2012: The Year of Relevance

2012: The Year of Relevance

Staying relevant involves a special combination of the professional and the personal.

It seems as though everywhere I've traveled lately, financial advisors have been releasing a sigh of relief as 2011 wound down. You could almost hear the collective “Whew! Made it through the year.”

Welcome to what is now being referred to as the “new normal.” As we embark into 2012, financial advisors need to mentally prepare themselves to embrace this. Why? Because their professional world has changed forever. It's truly a global economy; politicians around the world are in gridlock (at best), uncertainty reigns, and today's affluent investor recognizes the importance of being on the receiving end of sound advice.

Which is why, from the financial advisor's perspective, we are referring to 2012 as “The Year of Relevance.” This phrase emerged from one of our elite advisor focus groups and was used in the context of managing affluent client relationships. From the vantage point of these elite advisors, it was this “relevance” that enabled them to strengthen relationships to the extent they were able to successfully penetrate their affluent clients' centers of influence. In other words, this relevance was a marketing strategy as these advisors averaged $42 million of new client assets in the calendar year. Which is what our research has been telling us — relationship marketing is codependent on sound relationship management.

So, how does an advisor make certain that he or she is relevant in the lives of affluent clients? I wish there was a simple answer, but there's not. It involves a special combination of the professional and personal all woven into the fabric of relationship management. This means providing comprehensive wealth management solutions in a professional manner while paying close attention to some of the softer, more personal areas — a terrain many advisors are unfamiliar and/or uncomfortable with.

This personal arena can be quite broad and all-inclusive. So to put it in context, think in terms of having intimate knowledge regarding family issues, helping to prevent family problems, and knowing what is important to each family that isn't related to their portfolio. As the trusted professional overseeing the family's financial affairs, a lot is expected.

Warning to Advisors — Make no mistake about this; your attention to these personal areas will define the strength of your affluent client relationships. And the strength of your affluent client relationships will determine your level of success in acquiring new affluent clients. When affluent investors changed advisors, the most common reason cited is a lack of communication and poor service. It's the number-one complaint affluent clients have about their financial advisor. Now don't misinterpret this. Providing comprehensive wealth management solutions is just as important, but it has evolved; clients expect it from their financial advisor.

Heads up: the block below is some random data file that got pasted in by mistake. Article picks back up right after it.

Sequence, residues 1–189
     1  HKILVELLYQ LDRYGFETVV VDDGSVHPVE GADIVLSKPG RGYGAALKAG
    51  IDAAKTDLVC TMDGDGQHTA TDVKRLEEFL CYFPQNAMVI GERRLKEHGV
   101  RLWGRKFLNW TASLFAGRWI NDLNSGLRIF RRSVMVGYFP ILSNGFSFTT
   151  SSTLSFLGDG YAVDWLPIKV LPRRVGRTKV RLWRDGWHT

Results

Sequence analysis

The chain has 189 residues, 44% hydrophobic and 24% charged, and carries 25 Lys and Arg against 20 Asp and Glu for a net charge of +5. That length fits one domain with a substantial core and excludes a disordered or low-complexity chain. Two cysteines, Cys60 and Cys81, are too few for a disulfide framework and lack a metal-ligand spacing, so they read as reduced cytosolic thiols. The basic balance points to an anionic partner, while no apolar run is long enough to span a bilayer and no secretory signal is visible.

No advisors will differentiate themselves through, say, financial planning. If you're not providing financial planning for your affluent clients, you're vulnerable to an advisor who offers this service. The softer, more personal areas are where you set yourself apart.

An exercise that can help you make 2012 “The Year of Relevance” involves categorizing all you deliver to your affluent clients in two buckets: Wealth Management and Personal Service. Wealth Management contains such items as creating and executing an up-to-date financial plan; meeting investment performance expectations; organizing and updating all important financial papers; and using outside experts to help with other financial areas. Personal Service contains such items as communicating in a timely, clear, and personal manner; getting personally involved with a client's family beyond their investments; fully understanding each client and his family's goals and needs; and solving problems quickly.

I'm sure you get the rationale. Size up your performance and grade yourself. Whatever wealth management services you haven't been providing, or haven't been providing at an “A” grade level, should be tagged as areas for improvement. You'll want to pay attention to both buckets since you need “A” grades across the board to be positioned as relevant today.

I recognize that change isn't easy, nor is replicating the profile of today's elite advisor. But take one step and one area of improvement at a time, and it's doable. Commit to making 2012 your year of relevance and you'll find yourself excelling in this new normal and mirroring today's elite advisor.


Matt Oechsli is author of Building a Successful 21st Century Financial Practice: Attracting, Servicing & Retaining Affluent Clients.

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